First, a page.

The Silencing of Climate Protestors

Anti-protest laws make it harder for climate protestors. The trifecta of fossil fuel companies, government officials, and law enforcement protect 60 percent of all US oil and gas production from protests and civil disobedience, according to a new report from Greenpeace USA.

Since the protests against the Dakota Access Pipeline,18 states enacted fossil fuel anti-protest laws. Many laws are based on a model bill by the American Legislative Exchange Council (ALEC), an industry-funded group.

The laws create extreme penalties. Four states (North Carolina, Oregon, Georgia, and Utah) enacted laws that make it harder for climate protestors. Impeding an energy facility in North Carolina can be punished with up to 19 years in prison and $250,000 in fines. In Georgia, impeding the operation of critical infrastructure with “force” can be punished with anything between two and 20 years in prison.

Some cities have also enacted anti-protest laws. A law in Jackson, Mississippi, prohibits residents from peacefully protesting near government buildings without permission from state officials. Jackson is a majority-black city.

The US Constitution protects the right to free speech and protest. However, anti-protest laws restrict those rights, which makes it harder to challenge abuses by fossil fuel companies. Arkansas state law gives the right to eminent domain for oil pipeline construction, which allows construction without homeowners’ permission.

Using Lawsuits to Silence Protests

Fossil fuel companies comprise nine out of 10 companies that lobbied the most for anti-protest bills since 2017. They include US companies ExxonMobil, Koch Industries, and Marathon Petroleum Corp., and Canadian companies Enbridge and TC Energy (Trans Canada). Twenty-five fossil fuel and energy companies contributed over $5 million to anti-protest bill sponsors.

Lawsuits are another way that companies silence protests. Out of 116 strategic lawsuits against public participation (SLAPPs) since 2010, 86 were filed by companies that lobbied for anti-protest laws, including ExxonMobil, Murray Energy Corporation, Energy Transfer, Chevron, and TransCanada. Fifteen of the 116 claims were filed by companies with trade groups that lobbied for anti-protest laws or hired lobbyists.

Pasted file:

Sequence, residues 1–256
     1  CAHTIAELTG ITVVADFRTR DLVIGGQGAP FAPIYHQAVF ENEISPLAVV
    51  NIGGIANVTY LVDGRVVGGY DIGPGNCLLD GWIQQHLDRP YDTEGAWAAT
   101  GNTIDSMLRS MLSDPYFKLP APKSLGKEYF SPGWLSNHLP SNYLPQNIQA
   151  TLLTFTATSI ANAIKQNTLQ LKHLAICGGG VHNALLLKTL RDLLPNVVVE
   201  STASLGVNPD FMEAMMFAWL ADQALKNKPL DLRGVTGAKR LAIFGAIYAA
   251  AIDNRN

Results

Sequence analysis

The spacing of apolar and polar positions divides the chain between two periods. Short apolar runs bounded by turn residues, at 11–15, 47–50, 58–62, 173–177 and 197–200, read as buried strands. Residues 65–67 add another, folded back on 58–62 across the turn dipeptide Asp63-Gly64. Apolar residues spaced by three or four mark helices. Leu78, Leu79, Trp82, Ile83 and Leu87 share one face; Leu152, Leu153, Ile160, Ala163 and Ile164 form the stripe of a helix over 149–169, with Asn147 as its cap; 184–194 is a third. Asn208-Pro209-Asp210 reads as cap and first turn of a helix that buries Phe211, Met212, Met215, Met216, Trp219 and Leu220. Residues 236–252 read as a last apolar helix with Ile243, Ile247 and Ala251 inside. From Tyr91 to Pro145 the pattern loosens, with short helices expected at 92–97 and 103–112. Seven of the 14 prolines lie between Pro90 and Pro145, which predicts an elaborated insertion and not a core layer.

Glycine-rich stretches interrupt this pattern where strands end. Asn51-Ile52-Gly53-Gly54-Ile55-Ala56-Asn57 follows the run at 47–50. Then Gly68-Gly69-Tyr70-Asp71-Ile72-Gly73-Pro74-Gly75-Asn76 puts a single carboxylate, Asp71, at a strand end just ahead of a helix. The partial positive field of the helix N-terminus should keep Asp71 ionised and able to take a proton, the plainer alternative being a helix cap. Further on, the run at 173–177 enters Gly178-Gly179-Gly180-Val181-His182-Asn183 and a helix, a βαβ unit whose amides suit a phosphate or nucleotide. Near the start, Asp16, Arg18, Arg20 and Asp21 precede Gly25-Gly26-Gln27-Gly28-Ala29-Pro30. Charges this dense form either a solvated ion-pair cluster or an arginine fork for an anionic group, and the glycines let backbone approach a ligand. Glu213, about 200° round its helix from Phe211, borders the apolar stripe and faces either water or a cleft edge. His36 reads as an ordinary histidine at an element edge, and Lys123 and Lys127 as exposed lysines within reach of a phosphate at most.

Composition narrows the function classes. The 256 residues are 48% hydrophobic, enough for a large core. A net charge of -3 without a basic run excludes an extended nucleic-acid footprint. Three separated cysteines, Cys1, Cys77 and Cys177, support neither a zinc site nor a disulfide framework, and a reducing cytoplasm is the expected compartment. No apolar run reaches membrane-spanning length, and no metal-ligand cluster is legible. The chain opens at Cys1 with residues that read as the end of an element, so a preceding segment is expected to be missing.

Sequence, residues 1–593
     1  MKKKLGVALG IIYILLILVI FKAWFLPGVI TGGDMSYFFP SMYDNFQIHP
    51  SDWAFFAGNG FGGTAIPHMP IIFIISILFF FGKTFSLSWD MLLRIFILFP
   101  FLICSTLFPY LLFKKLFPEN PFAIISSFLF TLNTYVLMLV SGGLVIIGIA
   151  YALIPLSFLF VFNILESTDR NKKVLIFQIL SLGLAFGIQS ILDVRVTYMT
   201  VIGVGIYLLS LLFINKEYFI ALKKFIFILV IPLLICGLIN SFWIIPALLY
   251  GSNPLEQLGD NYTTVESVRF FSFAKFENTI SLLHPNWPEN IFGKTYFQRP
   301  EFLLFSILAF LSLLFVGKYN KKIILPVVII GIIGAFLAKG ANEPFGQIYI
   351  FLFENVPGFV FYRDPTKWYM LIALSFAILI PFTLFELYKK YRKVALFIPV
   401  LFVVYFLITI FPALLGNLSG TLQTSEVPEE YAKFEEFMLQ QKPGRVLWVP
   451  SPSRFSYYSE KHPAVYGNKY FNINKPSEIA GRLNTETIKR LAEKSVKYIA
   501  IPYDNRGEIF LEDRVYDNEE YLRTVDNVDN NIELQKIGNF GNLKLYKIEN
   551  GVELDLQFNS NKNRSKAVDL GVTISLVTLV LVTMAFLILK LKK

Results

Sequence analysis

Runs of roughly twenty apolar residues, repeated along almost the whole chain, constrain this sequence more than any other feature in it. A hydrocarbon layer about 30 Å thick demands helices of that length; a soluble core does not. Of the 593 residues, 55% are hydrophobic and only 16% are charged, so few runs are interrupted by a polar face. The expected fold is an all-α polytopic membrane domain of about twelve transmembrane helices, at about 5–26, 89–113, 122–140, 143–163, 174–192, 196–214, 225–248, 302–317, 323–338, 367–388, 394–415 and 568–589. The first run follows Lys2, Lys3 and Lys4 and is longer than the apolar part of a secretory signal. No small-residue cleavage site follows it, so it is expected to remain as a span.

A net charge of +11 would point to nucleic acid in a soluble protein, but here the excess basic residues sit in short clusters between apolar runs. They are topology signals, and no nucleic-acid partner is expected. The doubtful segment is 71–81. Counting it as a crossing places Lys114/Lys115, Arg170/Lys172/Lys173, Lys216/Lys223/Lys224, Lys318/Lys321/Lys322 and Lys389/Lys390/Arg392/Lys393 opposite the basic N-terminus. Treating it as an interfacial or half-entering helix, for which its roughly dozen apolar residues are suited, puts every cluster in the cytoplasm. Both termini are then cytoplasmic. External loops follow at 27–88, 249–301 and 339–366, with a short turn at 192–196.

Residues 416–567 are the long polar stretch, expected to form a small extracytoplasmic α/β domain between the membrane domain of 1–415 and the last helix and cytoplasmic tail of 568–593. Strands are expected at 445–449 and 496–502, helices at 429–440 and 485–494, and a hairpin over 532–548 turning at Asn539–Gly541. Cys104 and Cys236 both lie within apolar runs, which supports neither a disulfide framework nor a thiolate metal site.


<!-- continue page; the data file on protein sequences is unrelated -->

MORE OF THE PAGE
The Cozy Relationship Between Law Enforcement and Fossil Fuel Companies

Law enforcement and fossil fuel companies work side-by-side to discredit and stop protestors. Both law enforcement and fossil fuel companies use public relations techniques to disparage protestors. They often depict them as violent extremists or terrorists. Law enforcement sometimes works with private security paid for by fossil fuel companies, and they have used hostile tactics, including:

  • Firing water cannons and rubber bullets at people protesting the construction of the Dakota Access Pipeline.
  • Enacting buffer zones that prevented food from being delivered to protesters along the Mountain Valley Pipeline route.
  • Using pain compliance, a form of legal torture, against protesters engaged in equipment lockdowns blocking construction.

“We are seeing an escalation of tactics to criminalize, bully, and sue those working for climate action, Indigenous rights, and environmental justice,” said Ebony Twilley Martin, Executive Director of Greenpeace USA. “Our current climate emergency is a direct result of the oil and gas industry’s operations. Frontline activists should not face extreme, life-altering legal risks for putting their bodies on the line to keep our planet habitable. Oil and gas companies are finding new and dangerous ways to delay the transition to clean energy and protect their own profits.”

Gina-Marie Cheeseman
Gina-Marie Cheeseman
Gina-Marie Cheeseman, freelance writer/journalist/copyeditor Twitter: @gmcheeseman

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